|Vladimir Ashkenazy in 2007, from|
Cross-posted from the FIUV blog
To mark the 50th anniversary of the granting of the 'English Indult
', the FIUV made contact with the sole living representative of the signatories of the petition to which the Indult was a response: the Russian-born pianist and conductor Vladimir Ashkenazy
, one of 57 mostly British figures from the social and cultural elite, many of them non-Catholic.
We are delighted to announce that he has accepted the Federation's award of its rarely-bestowed De Saventhem Medal, for his contribution to the cause of the Traditional Latin Mass.
Among the signatories was the crime-writer Agatha Christie, whose books have sold more copies than any other author, setting aside Shakespeare and the Bible.
Mr Ashkenazy, now 84 and living in retirement in Switzerland, was one of the younger signatories back in 1971, since the focus was on people at the pinnacles of their careers. One signatory, the distinguished classicist Sir Maurice Bowra, President of the British Academy, died a few days before the petition was published in the Times in July 1971, at the age of 73.
included many of the most senior Catholics in the country, such as the Duke of Norfolk and a prominent judge, Lord Russel of Killowen; Catholic and non-Catholic cultural figures such as Kenneth Clark, the Director of the National Gallery, Cecil Day-Lewis, the Poet Laureate, and Graham Greene; and academics who were household names, such as the historian Sir Harold Acton and the philosopher Dame Iris Murdoch.
Vladimir Ashkenazy is a worthy representative of this distinguished group. He experienced Soviet Communism, but was able to make his life in the West, in England, Iceland (his wife's homeland), Greece, Germany, and Switzerland. Like many of men and women of artistic sensitivity, he saw the significance of the ancient Catholic liturgy, and understood the threat to it as a threat, as the petition text expressed it, to world culture.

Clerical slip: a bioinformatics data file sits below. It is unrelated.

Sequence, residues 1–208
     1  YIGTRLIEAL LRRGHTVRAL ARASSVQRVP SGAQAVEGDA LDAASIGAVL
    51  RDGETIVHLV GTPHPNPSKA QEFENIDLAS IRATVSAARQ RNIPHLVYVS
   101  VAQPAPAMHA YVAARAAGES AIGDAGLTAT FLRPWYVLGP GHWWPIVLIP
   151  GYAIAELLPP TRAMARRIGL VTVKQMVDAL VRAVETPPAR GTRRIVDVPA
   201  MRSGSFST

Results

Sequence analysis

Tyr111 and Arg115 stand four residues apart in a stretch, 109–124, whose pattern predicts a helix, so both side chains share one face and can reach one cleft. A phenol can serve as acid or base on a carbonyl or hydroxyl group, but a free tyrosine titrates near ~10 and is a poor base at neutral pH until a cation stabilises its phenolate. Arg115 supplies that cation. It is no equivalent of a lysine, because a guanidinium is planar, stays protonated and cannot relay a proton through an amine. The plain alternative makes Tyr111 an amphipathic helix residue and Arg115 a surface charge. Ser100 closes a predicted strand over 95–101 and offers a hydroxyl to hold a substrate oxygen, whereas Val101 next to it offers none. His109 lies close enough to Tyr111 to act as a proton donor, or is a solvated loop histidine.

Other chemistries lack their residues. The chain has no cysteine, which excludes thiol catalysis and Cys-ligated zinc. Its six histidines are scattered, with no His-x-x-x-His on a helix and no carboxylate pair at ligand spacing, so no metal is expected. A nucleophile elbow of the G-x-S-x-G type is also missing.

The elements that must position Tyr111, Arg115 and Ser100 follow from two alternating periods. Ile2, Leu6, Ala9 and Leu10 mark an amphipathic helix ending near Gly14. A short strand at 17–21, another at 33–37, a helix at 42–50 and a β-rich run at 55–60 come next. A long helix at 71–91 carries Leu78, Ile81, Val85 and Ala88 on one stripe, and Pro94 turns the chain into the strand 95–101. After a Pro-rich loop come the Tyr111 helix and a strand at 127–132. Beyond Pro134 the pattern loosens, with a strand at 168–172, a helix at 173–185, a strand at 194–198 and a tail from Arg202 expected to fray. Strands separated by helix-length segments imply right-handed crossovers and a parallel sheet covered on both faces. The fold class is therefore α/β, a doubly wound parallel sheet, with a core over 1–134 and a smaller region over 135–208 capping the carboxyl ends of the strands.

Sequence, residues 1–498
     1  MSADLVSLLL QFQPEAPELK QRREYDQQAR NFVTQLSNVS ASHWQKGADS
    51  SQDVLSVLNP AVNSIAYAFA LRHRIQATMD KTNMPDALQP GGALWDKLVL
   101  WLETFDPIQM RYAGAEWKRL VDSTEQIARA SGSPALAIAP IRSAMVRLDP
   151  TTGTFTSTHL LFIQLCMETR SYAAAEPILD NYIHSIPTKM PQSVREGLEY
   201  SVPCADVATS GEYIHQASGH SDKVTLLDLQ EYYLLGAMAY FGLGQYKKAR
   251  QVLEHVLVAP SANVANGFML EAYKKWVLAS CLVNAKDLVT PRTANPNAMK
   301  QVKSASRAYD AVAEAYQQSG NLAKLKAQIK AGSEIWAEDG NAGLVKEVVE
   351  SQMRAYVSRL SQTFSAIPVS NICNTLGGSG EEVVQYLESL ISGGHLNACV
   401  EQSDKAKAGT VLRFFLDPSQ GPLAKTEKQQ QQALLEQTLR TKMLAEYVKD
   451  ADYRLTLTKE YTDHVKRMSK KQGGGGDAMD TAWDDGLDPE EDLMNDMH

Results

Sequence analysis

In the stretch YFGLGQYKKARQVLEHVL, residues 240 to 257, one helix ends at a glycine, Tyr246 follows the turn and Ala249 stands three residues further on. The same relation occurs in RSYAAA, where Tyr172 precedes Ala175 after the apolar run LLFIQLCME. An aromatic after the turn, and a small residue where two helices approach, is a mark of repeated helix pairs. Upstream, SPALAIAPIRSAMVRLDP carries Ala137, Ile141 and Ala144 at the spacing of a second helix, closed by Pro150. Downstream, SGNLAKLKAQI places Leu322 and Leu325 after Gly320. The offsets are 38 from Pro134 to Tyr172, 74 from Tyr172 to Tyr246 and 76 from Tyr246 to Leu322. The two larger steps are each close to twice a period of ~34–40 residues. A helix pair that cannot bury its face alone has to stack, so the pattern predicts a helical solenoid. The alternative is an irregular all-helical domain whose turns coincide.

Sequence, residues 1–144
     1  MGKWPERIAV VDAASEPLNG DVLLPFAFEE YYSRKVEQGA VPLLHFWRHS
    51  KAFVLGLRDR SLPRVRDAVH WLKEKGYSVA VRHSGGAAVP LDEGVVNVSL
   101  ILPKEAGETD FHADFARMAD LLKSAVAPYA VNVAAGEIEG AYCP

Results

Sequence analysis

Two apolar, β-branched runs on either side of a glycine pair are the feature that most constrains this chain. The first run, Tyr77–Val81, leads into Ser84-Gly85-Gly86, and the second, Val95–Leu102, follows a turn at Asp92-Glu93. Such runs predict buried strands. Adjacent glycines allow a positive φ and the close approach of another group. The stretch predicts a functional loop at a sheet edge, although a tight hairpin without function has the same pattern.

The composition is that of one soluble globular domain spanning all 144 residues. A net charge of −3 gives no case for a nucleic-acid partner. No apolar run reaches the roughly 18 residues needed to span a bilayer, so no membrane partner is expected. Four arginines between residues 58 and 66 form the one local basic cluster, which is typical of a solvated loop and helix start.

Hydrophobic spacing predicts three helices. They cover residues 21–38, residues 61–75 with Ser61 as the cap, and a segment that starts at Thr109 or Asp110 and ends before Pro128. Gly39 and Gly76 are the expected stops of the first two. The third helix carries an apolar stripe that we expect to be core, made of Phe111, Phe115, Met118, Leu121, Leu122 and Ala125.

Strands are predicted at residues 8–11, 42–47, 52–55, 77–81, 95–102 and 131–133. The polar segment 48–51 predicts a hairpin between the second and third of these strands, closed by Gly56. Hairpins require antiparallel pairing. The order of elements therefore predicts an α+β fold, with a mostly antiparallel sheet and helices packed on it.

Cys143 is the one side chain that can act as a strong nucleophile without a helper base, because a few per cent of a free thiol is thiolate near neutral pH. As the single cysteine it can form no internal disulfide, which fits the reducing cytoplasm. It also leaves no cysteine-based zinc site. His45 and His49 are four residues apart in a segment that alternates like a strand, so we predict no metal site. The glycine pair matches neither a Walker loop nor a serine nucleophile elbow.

In accepting the award, he wrote
|'Dr Erich de Saventhem: Pro merito magno'|
My personal view of the matter is, that it is of great spiritual value and importance that the more ancient Latin Catholic Liturgy, with its associated cultural and musical traditions, be preserved for all those who are concerned with strengthening, or at least maintaining, our connection with the Divine; the ancient liturgies, be they Catholic or Orthodox (I am baptized in the Russian Orthodox Church) are, by default, bound to represent a much purer spiritual relationship with Christ in particular, and with the world in general, than do, to quote Dr. Erich Vermehren De Saventhem: " the flat, prosaic, philistine or delirious liturgies which will soon overgrow and finally smother even the recently revised rites..."
Being a musician, I am fully in agreement with the idea that the ancient/traditional Roman Catholic Mass will have inspired a plethora of invaluable artistic achievements over the ages: mystical works, poetry, philosophical treatises, musical works of genius, magnificent edifices, wonderful paintings, incredible sculptures, and even the construction of marvellous musical instruments like the organ and the piano!
There is a discussion of the significance of the petition and of the involvement of Agatha Christie on the Catholic National Register, and of cultural figures including Vladimir Ashkenazy on the 1P5 blog respectively.
More about the 1971 petition, its organiser Alfred Marnau, and other petitions for the same cause, can be seen here.